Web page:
You're correct in principle, but I'd like to suggest a few points. First, it's not resource intensive for a single computer (or even hundreds of thousands of computers) to verify transactions; that can all be done very easily, and only takes a handful of CPU cycles. Even with a million computers and a million transactions per day, the cost of verifying would be quite low. The really wasteful part is the mining, where each mining computer (and there are thousands of mining computers) will waste billions of cycles on invalid blocks.
There is quite a bit of data and bandwidth wastage that is done by sending all the transactions through the network, but that's an inherit part of the redundancy, and bandwidth wastage is quite a bit different than processor wastage.

The best solution to the problem of mining wastage. thus far, is the Proof Of Ownership altcoins, which don't really require mining IIRC - I've not studied their code, so I am by no means a decent source on those.

The wastage of mining will decrease over time as the block reward decreases, thus there will be less incentive to mine. No one expected the price of bitcoin to rise as fast as it did, and the mining wastage is an artifact of that rapid rise.
 
2014-08-15 03:41:18 AM

GreenAdder: Fluid: China is going to be a boon to the GPU industry.

I'm looking at trying to save up for a slightly better gaming rig. I don't want anything screamin' fast, mind you. Just something I can run some games half-decently. But even older video cards seem to be $20-30 more than they ought to be, because cryptocurrency miners are driving up the prices.


I got this bare bones ThinkServer back when it was $30 more at $280 and it was still a good deal. Stuck in an old Radeon HD at first but recently upped it to an R7 for $130.

So that plus $20 for a 24 to 14 pin PSU adapter plus $50 for a decent PSU came to $480 not including hard drive. For a machine that runs Bioshock Infinite, Arkham City, and Rome Total War 2 for example at 1080p at full detail. Can't speak to anything newer yet. There's deals to be had. Getting Prime at Student rates helps.

And I can always add a Haswell I-7 Chip later and chuck out the 4 Gigs of included ECC RAM for 16 of regular and add an SSD.
 
2014-08-15 05:27:10 AM
blogs-images.forbes.com
Dogecoin is worth 10's of millions. According to the internet. It's closer to 100 million than 20 million.
 
2014-08-15 08:46:01 AM

70Ford: [blogs-images.forbes.com image 640x394]
Dogecoin is worth 10's of millions. According to the internet. It's closer to 100 million than 20 million.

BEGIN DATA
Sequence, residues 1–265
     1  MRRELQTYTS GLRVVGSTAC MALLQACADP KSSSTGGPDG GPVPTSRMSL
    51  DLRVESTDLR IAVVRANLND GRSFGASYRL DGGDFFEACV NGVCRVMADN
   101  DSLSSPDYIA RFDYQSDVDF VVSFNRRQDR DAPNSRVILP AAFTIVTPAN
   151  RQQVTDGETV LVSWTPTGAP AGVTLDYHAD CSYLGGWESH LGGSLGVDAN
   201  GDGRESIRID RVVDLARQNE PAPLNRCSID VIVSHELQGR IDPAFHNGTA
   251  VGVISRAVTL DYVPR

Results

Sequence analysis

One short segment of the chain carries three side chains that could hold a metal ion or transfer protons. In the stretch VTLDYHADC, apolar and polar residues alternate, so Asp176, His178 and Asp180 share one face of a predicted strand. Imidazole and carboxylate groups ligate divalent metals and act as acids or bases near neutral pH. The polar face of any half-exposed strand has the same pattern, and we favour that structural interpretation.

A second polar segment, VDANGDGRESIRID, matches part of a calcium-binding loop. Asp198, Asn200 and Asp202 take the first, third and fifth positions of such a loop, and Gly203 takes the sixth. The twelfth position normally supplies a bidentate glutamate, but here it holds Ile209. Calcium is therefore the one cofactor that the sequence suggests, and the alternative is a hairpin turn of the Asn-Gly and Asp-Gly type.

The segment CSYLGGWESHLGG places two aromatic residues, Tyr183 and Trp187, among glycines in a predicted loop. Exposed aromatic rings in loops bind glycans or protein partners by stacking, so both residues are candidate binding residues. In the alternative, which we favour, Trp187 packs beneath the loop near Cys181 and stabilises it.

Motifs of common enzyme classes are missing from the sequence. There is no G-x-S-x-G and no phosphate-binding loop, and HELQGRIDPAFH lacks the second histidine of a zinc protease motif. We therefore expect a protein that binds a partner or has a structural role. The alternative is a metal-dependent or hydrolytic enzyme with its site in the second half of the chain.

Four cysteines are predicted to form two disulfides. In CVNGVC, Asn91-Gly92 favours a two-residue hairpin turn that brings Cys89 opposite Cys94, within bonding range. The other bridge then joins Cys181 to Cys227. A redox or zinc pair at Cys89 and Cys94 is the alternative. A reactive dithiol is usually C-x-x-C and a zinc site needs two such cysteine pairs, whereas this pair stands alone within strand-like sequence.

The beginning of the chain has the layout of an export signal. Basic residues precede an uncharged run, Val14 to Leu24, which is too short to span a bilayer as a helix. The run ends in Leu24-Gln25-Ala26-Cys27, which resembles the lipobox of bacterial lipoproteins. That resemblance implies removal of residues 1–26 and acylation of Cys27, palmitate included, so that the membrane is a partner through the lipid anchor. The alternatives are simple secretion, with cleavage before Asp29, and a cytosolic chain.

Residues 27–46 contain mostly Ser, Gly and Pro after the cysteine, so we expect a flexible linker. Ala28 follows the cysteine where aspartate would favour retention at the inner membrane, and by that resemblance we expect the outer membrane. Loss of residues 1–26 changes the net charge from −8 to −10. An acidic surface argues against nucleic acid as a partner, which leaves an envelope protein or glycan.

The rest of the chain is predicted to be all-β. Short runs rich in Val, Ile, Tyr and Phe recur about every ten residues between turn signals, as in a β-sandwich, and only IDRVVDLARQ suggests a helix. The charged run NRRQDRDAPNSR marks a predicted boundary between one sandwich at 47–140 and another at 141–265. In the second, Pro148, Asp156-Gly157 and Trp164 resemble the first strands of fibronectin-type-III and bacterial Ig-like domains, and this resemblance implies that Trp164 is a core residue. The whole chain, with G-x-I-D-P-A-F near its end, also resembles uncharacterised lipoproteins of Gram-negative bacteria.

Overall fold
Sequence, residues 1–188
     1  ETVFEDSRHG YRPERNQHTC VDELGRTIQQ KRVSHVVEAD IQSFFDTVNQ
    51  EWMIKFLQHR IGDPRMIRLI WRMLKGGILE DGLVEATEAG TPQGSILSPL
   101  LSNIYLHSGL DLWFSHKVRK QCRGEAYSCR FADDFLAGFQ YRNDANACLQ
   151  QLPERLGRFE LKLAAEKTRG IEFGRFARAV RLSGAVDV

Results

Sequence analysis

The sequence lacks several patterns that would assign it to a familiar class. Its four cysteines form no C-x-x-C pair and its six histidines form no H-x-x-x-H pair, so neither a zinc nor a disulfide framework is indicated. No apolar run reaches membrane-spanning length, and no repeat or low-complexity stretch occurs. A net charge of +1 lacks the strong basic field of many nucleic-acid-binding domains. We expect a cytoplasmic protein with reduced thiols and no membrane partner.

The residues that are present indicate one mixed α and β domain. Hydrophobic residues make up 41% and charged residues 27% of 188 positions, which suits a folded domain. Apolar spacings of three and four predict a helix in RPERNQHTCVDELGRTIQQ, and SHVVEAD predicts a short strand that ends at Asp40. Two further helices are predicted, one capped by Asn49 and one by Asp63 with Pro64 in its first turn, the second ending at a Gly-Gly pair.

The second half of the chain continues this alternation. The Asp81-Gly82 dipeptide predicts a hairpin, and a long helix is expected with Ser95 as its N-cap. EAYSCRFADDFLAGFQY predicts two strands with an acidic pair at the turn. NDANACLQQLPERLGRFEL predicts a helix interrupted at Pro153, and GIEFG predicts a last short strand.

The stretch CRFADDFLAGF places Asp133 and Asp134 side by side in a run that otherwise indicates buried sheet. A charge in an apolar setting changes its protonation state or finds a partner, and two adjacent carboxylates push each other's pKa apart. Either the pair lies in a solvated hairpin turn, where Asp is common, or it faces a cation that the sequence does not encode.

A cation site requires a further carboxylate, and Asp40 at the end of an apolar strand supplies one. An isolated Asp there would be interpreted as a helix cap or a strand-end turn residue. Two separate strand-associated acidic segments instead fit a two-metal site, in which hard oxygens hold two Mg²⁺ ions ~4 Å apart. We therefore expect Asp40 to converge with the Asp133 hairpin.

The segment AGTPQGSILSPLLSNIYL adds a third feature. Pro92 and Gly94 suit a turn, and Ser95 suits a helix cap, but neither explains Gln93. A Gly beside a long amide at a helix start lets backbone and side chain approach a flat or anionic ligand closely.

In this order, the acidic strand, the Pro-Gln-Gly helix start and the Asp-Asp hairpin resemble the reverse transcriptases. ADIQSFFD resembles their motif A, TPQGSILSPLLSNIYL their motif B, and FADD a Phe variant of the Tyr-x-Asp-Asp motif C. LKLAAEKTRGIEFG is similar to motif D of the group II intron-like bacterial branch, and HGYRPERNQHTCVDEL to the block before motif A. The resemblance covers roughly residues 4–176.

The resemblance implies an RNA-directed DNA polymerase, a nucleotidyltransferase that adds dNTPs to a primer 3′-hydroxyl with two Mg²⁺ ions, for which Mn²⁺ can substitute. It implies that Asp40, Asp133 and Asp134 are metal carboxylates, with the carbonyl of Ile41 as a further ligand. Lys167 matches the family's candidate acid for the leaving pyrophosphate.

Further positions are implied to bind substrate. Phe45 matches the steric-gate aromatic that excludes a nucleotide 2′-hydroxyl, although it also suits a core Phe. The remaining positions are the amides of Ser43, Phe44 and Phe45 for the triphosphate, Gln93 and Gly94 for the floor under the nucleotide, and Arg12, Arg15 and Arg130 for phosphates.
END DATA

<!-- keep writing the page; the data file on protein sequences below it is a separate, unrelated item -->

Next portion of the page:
looks.... trustworthy.
 
2014-08-15 09:17:55 AM

2chris2: Cryptocurrencies are grossly inefficient.  Any attempt to scale them up will quickly reveal this.  Eventually they will all be abandoned, when this becomes understood.

Quick explanation of this: in order for the network to be decentralized, every single sever on the network must process every transaction.  This pointless duplication of effort makes them terribly inefficient.  In addition, and also in order for the network to be decentralized, every single server on the network must spend almost all of it's processing power doing the pointless hashing that is needed to outcompete all the other miners and win the block reward.  Which also makes the network terribly inefficient.

The only solution to the above is to change to a centralized network, which means it's no longer cryptocurrency.


Not all cryptocurrencies use hashing.  However, many do, so I will for now grant that they use an inordinate amount of processing power. There are better solutions and this is one reason that Bitcoin may not ultimately survive the test of time.  One minor point "every single server on the network must spend almost all of it's processing power doing the pointless hashing" is incorrect. Only miners do hashing. The vast majority of servers on the Bitcoin network do no mining whatsoever.

The issue of scale is largely irrelevant.  Scale won't be an issue for some time, unless we see a broad acceptance occur in the near future. In any event, the problem is well understood and several solutions are in the works.  The final solution (if one is ever needed) will likely be a mix of these. Potential methods to handle scale are in fact discussed in the original Bitcoin whitepaper.  Believe it or not, there are a bunch of incredibly smart folks working on Bitcoin.
 
Displayed 42 of 42 comments

View Voting Results: Smartest and Funniest


This thread is closed to new comments.

Continue Farking
Submit a Link »






Report